Justin Shubow, president of the National Civic Art Society and a leading proponent of classical architecture, is also a leading opponent of modern architecture. He and his organization, along with the Eisenhower family, have led the fight against Frank Gehry’s design for a memorial to Ike. The NCAS overlaps in its mission with the mission of the Institute of Classical Architecture & Art, whose New England chapter has invited Shubow to speak at its Bulfinch Awards ceremony at 1 p.m. in the Algonquin Club on Saturday, April 23.
In his lecture, Shubow is expected to address the broader significance, with an eye to his opposition to the Gehry Ike, of architecture and its influence on national character. Whereas modern architecture reflects the bureaucratic state and its disregard for the individual, classical architecture reflects the grandeur of a national polity that exalts the free individual as the apotheosis of the rule of law. I would be surprised if Shubow does not take that line of thinking. As Gehry might say, it’s just warmed-over Jefferson.
The fight against the Gehry memorial has almost been won. Congress has refused to pass construction funding for three straight years. The Eisenhower Memorial Commission, which chose Gehry in a dubious competition process, has had to fall back on retired Sen. Bob Dole, of Kansas, to raise the funds privately. Maybe he will have more success than the commission by itself. Its fundraising campaign in recent years raised less than it cost to hire the firm to raise funds. It seems that while the commission still has enough money to maintain offices and pay staff, the memorial itself is on life support.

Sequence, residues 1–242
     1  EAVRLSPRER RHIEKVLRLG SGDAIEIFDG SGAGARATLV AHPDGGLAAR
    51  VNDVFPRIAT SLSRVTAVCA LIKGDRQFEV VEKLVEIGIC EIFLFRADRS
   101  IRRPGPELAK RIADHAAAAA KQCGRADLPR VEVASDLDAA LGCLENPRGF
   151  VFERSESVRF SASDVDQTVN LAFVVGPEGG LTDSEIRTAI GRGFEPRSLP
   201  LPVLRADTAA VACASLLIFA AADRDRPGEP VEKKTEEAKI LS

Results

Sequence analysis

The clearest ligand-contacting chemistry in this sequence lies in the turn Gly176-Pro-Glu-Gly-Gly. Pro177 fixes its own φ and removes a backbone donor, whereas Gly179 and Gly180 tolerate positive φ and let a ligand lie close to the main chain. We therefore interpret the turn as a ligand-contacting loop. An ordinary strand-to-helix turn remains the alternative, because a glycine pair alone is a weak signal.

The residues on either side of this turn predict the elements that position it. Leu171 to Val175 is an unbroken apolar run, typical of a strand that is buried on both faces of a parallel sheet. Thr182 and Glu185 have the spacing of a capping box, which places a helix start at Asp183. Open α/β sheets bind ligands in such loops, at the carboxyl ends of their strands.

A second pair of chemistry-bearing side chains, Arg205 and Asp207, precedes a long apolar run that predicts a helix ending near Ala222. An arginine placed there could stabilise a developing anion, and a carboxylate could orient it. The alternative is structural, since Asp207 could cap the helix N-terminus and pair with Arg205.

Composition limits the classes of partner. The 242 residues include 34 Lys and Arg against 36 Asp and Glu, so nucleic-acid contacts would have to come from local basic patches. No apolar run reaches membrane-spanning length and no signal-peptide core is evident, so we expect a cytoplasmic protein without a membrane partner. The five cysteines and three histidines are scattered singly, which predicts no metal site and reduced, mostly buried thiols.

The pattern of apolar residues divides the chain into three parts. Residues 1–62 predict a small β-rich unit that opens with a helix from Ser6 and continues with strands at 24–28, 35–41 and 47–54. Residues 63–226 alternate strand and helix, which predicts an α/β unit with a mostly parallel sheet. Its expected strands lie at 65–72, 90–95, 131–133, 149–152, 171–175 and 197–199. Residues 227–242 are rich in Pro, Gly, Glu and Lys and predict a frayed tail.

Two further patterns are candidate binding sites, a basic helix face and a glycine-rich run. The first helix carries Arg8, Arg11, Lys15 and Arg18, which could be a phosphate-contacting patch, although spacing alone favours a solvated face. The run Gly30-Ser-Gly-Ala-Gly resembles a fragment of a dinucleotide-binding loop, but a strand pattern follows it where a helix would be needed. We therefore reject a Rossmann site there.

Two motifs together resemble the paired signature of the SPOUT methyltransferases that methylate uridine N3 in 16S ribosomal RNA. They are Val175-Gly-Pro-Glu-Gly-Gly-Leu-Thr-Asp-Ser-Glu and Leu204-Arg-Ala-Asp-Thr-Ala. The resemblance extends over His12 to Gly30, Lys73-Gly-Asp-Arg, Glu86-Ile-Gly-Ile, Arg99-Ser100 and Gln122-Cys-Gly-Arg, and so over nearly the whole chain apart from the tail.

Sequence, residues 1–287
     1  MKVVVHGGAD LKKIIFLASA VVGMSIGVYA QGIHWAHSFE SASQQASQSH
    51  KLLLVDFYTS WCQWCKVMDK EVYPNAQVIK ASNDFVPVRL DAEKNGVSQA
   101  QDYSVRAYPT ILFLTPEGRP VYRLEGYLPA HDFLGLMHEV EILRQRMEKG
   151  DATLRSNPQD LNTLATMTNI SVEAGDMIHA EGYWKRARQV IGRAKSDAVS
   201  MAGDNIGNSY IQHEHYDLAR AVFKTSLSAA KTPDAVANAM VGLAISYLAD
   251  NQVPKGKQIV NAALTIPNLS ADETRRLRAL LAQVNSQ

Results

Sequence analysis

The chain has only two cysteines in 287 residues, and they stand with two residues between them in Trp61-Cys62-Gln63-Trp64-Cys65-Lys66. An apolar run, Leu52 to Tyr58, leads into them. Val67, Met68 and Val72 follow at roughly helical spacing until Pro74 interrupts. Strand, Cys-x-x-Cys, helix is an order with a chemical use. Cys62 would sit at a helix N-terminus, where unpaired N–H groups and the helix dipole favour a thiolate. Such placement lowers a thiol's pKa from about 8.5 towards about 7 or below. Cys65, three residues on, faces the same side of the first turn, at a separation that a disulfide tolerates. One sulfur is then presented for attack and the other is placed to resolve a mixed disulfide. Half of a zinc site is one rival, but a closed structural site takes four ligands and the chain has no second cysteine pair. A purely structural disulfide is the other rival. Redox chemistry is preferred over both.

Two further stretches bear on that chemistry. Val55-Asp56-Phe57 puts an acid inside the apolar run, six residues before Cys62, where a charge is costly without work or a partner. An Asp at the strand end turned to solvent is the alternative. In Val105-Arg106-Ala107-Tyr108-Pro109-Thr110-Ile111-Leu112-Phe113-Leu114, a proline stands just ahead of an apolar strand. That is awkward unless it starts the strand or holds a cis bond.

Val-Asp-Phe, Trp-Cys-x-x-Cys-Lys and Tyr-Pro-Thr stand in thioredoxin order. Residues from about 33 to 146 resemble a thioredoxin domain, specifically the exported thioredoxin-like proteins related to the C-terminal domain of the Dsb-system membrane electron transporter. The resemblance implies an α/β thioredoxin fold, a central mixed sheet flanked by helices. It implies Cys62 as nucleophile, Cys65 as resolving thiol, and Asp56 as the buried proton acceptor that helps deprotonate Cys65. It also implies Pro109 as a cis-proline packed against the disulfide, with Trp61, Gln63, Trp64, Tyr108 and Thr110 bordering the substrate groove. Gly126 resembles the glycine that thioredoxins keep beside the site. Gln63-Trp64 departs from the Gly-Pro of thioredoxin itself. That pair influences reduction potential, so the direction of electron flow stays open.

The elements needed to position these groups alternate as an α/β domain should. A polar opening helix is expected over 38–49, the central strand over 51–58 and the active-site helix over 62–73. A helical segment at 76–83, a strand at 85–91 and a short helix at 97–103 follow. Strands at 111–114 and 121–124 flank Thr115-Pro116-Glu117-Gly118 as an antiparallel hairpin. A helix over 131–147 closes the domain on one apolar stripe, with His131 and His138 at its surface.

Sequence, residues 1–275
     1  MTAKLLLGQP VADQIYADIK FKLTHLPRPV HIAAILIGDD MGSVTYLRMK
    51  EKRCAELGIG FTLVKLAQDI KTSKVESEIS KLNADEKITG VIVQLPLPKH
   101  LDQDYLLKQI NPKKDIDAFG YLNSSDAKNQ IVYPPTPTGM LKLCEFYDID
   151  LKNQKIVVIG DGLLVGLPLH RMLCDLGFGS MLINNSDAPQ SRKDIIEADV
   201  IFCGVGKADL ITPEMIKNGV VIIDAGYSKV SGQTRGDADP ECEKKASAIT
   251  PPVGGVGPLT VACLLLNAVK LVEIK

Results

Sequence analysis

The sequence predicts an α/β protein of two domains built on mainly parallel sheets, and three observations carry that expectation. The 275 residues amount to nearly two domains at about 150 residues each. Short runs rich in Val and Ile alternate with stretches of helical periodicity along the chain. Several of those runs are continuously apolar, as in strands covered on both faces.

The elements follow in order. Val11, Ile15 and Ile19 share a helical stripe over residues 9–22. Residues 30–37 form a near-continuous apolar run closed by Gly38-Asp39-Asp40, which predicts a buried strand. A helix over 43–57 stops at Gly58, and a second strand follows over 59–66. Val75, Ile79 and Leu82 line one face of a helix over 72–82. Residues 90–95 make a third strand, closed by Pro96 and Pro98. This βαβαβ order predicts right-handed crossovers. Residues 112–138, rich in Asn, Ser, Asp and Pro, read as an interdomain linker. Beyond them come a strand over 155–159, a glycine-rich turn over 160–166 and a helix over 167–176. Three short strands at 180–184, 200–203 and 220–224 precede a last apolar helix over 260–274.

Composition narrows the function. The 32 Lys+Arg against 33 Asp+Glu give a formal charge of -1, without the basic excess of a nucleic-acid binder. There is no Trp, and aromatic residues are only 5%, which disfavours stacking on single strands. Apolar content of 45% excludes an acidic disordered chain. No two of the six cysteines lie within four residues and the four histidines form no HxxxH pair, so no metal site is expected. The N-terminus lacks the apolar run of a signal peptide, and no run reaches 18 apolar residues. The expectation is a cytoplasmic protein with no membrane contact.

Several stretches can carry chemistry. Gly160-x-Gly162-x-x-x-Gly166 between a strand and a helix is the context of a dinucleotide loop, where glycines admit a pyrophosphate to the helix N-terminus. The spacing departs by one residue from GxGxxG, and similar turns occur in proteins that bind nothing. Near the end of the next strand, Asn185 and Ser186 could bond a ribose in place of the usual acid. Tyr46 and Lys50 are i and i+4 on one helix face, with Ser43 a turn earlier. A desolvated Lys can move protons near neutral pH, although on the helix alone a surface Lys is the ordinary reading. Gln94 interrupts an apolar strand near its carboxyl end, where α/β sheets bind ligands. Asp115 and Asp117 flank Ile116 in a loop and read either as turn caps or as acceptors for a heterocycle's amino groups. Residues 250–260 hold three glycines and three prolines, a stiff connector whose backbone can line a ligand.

That’s the latest, and I hope Shubow will give us some more insider tidbits. But of even more interest is whether he will map out a strategy to return classical architecture to its former authority, not only as the architecture Jefferson chose to represent the ideals of democracy, but as the default architecture for the civic realm in the nation’s capital and throughout the country. It is the architecture that the public prefers, and in a democracy that is (or should be) no small beer.
Shubow and his organization have been sneered at by conventional architecture critics from Paul Goldberger on down. He wears this disdain as a feather in his cap, and rightly so. He has spoken before Congress about how Washington should re-embrace classicism, and I expect his lecture will be equally thoughtful and inspiring.
Reservations for the lecture can be made here. Reservations for the gala to celebrate the 2016 Bulfinch Awards laureates, to be held at the Harvard Club just up Commonwealth Avenue from the Algonquin Club, starting at 6 p.m. that evening, can be made here.